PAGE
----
Who (Not What) We Want To Be When We Grow Up Is What Really Matters

Melancholia / Amazon.com
Melancholia / Amazon.com

It’s the age-old question that we’re asked at every family gathering, every college counseling session, every casual conversation with our neighbors.

“So, what do you want to be when you grow up?”

It’s the question that has danced around my thoughts for the last couple years. It’s the question that decides our future: what we want to major in, where we want to live, our plans after high school graduation. I’m 18, and I don’t really know what I want to be when I grow up. My mom is 44, and I don’t even think she knows what she wants to be when she “grows up”. Life is not a stable, definite concept. Things are always changing: our interests, our abilities, our dreams/beliefs/hopes/needs/wants. It’s perfectly okay to not know what you want to spend the rest of your life doing.

Naturally, I’ve spent a lot of time thinking about my answer to this question as I begin to start thinking about the real world and entering adulthood. And while I can’t say I’ve found my answer, I have started thinking about something that, in my opinion, might be even more important.

I don’t know what I want to be when I grow up, but I do know who I want to be:

  • I want to be someone who never loses appreciation for the little things in life. Sunday afternoons in spring spent on the back patio with your parents, a good cup of tea in the morning, laughing until you physically cannot breathe — these are some of the best feelings in the world that should never be taken for granted.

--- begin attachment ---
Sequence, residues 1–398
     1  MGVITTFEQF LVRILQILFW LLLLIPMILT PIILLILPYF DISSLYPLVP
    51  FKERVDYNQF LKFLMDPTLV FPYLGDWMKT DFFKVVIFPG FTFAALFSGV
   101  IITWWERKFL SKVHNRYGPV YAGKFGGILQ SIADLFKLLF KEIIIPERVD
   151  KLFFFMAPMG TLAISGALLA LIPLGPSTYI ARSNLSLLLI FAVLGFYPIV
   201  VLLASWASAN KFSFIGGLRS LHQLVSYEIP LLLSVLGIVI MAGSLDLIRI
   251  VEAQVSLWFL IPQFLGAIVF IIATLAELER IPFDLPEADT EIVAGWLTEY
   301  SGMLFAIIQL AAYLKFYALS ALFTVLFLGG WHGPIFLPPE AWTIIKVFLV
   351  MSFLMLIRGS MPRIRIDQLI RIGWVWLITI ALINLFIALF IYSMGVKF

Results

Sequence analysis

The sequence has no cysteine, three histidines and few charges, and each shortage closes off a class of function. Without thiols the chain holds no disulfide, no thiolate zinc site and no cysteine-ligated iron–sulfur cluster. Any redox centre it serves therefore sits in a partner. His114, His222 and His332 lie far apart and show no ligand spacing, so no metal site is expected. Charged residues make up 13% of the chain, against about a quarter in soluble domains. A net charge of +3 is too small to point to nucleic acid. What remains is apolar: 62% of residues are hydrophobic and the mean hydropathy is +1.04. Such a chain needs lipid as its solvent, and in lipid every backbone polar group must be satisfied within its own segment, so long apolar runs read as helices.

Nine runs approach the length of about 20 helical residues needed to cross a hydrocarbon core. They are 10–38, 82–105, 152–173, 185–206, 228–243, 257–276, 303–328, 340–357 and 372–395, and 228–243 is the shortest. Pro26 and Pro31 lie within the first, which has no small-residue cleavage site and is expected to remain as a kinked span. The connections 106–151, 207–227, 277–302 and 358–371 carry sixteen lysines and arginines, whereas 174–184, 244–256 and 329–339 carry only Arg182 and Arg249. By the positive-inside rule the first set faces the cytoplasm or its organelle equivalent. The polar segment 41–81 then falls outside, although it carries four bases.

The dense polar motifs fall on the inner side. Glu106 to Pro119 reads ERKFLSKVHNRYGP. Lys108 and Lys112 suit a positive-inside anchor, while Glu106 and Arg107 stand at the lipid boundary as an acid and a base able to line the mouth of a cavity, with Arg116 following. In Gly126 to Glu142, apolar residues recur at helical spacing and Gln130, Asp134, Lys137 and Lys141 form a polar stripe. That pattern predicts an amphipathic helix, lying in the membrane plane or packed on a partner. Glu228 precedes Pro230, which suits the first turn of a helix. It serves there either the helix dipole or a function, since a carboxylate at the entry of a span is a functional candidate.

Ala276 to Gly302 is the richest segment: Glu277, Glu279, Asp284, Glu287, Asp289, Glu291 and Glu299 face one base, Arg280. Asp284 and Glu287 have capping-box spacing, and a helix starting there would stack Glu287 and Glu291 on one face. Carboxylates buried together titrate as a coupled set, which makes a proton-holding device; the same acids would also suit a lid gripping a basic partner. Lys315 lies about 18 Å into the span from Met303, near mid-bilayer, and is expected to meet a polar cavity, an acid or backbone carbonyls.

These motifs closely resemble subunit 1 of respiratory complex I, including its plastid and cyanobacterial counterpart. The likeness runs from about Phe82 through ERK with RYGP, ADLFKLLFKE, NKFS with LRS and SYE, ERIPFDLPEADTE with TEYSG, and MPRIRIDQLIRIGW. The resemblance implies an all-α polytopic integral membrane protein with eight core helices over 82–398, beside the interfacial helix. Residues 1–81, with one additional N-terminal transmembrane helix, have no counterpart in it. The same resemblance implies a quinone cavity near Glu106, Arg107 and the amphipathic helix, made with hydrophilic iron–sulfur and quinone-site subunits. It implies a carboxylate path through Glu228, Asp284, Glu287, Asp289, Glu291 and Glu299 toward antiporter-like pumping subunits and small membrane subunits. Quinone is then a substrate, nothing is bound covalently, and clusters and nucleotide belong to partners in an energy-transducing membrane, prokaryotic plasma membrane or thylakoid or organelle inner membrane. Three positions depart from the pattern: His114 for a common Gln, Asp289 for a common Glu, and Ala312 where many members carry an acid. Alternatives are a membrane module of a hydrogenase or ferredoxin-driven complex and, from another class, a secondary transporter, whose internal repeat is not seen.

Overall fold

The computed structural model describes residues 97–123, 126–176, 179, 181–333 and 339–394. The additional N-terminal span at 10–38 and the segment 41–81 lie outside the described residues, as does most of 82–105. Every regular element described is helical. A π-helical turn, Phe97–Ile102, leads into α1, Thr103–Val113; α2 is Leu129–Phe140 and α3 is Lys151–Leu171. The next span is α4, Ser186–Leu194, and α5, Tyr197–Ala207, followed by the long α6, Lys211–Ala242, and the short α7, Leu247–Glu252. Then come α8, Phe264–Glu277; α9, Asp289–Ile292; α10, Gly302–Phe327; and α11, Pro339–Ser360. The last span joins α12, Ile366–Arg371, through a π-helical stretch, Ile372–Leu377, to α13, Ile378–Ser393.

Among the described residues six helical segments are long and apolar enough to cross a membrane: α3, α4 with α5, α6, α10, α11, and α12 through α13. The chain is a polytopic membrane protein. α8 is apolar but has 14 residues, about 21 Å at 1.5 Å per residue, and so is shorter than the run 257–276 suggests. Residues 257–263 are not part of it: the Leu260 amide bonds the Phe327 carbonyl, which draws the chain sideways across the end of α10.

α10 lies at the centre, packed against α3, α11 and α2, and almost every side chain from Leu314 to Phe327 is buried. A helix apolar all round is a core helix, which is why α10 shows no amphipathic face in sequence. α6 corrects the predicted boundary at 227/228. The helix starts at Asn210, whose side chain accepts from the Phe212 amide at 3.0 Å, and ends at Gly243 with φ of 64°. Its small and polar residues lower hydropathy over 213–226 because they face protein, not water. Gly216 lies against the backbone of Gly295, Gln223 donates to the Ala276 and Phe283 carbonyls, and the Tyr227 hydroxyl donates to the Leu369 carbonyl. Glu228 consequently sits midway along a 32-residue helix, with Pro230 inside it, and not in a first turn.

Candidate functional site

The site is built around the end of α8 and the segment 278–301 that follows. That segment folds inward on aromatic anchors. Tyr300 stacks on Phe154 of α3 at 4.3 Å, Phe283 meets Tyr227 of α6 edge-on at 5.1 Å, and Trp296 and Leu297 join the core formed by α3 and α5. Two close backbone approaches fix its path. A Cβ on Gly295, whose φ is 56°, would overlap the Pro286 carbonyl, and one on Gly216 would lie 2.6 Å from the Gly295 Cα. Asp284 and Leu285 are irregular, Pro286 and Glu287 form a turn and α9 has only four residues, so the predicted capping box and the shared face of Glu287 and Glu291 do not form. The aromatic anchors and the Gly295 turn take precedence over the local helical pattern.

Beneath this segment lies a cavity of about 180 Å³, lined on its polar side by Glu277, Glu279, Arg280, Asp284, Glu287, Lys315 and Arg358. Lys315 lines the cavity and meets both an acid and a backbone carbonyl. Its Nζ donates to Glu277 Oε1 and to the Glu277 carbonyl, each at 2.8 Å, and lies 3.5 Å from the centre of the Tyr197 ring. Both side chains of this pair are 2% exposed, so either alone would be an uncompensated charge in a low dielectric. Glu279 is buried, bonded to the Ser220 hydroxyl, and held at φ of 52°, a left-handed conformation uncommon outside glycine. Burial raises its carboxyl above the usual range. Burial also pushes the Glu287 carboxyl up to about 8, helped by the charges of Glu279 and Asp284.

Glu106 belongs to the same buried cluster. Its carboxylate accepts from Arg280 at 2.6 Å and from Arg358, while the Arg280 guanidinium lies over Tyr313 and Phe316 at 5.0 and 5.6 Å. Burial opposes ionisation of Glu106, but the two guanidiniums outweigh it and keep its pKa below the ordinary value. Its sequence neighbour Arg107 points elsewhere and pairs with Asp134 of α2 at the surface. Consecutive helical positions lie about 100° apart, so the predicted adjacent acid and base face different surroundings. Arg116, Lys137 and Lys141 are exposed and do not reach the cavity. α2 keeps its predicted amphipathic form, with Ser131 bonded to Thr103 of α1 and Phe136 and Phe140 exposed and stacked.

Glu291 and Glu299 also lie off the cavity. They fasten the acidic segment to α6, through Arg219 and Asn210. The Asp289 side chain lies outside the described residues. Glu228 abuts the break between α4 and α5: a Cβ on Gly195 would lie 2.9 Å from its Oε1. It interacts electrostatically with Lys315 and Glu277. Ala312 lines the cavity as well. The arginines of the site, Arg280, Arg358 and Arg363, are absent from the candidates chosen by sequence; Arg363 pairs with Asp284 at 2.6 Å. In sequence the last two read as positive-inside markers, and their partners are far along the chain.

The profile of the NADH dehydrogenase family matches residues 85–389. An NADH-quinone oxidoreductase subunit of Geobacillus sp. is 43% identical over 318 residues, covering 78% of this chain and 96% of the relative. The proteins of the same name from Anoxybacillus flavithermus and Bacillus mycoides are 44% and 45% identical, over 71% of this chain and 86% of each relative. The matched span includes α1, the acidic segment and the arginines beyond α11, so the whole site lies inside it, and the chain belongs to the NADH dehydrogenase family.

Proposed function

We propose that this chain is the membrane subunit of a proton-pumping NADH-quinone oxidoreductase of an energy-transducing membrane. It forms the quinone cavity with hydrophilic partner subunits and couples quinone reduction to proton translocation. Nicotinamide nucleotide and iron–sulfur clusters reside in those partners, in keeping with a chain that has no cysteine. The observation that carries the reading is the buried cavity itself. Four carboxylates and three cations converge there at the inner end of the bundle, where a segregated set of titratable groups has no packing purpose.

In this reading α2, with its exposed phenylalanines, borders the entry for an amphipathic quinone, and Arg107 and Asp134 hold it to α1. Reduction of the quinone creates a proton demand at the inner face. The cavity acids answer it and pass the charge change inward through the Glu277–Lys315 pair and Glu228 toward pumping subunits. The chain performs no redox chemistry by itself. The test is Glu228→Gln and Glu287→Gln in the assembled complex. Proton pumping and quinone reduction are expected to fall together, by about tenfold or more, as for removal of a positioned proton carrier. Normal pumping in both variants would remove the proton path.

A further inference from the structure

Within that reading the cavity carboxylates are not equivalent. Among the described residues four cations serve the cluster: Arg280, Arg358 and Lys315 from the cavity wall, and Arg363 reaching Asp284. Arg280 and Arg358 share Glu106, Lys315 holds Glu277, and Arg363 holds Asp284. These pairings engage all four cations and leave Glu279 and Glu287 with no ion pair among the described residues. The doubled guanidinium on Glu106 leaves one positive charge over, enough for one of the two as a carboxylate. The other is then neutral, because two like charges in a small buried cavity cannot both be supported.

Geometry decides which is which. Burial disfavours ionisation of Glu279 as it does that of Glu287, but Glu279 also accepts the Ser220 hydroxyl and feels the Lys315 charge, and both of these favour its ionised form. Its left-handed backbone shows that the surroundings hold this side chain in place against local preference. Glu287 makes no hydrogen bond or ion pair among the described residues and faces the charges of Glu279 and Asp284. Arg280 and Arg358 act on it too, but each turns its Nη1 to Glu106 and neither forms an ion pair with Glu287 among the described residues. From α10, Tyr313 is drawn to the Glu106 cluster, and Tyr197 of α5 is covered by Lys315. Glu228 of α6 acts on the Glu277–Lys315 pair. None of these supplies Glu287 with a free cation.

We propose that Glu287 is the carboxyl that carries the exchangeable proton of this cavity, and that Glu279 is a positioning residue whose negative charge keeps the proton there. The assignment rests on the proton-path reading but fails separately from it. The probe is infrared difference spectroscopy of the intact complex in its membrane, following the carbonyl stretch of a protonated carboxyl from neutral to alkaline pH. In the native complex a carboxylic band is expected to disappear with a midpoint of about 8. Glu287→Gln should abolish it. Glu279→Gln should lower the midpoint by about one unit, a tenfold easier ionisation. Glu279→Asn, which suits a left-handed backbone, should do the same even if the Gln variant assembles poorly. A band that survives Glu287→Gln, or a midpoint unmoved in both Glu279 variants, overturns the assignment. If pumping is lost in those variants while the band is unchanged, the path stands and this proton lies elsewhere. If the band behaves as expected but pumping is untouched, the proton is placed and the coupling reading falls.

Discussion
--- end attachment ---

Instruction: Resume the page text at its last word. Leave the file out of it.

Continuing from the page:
• I don’t want to let life’s unpredicted and unfortunate events make me jaded. I want to keep my innocent, unwavering faith that everything happens for a reason and that good things happen at the right time, for the right reasons. I never want to become hopeless — I want to try to find the lesson in every trying situation.
  • I want to give my blessings to other people. Whether that means giving heartfelt advice to a friend in need, giving a cup of sugar to a neighbor, or giving $5 to the man on the side of the road.
  • I want to be a woman who keeps all her beliefs and values; I want to honor the promise I made to my teenage self: to never, ever change myself for a man. I want to always believe that love is good and real (regardless of if I ever find it or not). If I am lucky enough to find the person that gives me my happily-ever-after, I want to put every ounce of my being into an honest relationship because true love deserves nothing less.
  • I don’t want to care about the way other people perceive my lifestyle. I am what I am, I do what I do. End of story.
  • I want to adopt Oscar Wilde’s words as the motto of my life: “You can never be overdressed or overeducated.”
  • I want to be able to properly show my parents how grateful I am for the way they raised me, and all they’ve sacrificed and done for me as I grew up. I don’t ever want a single day to go by where they question my love, adoration, and appreciation for the life of endless opportunities and unwavering love that they gave me.
  • I always want my brother and sister to be my best friends, no matter what.
  • When I’m 80, I want to look back on my life and remember the moments that gave me pure bliss. I want to be content with my mistakes, and happy with my choices. I want to know that I lived my life to the best of my ability, and that I really truly meant something to someone.

I don’t know what occupation I want to have or what city I want to live in, but I am starting to piece together the kind of person I want to grow into — and I think that’s the most important decision we can make. Thought Catalog Logo Mark

More From Thought Catalog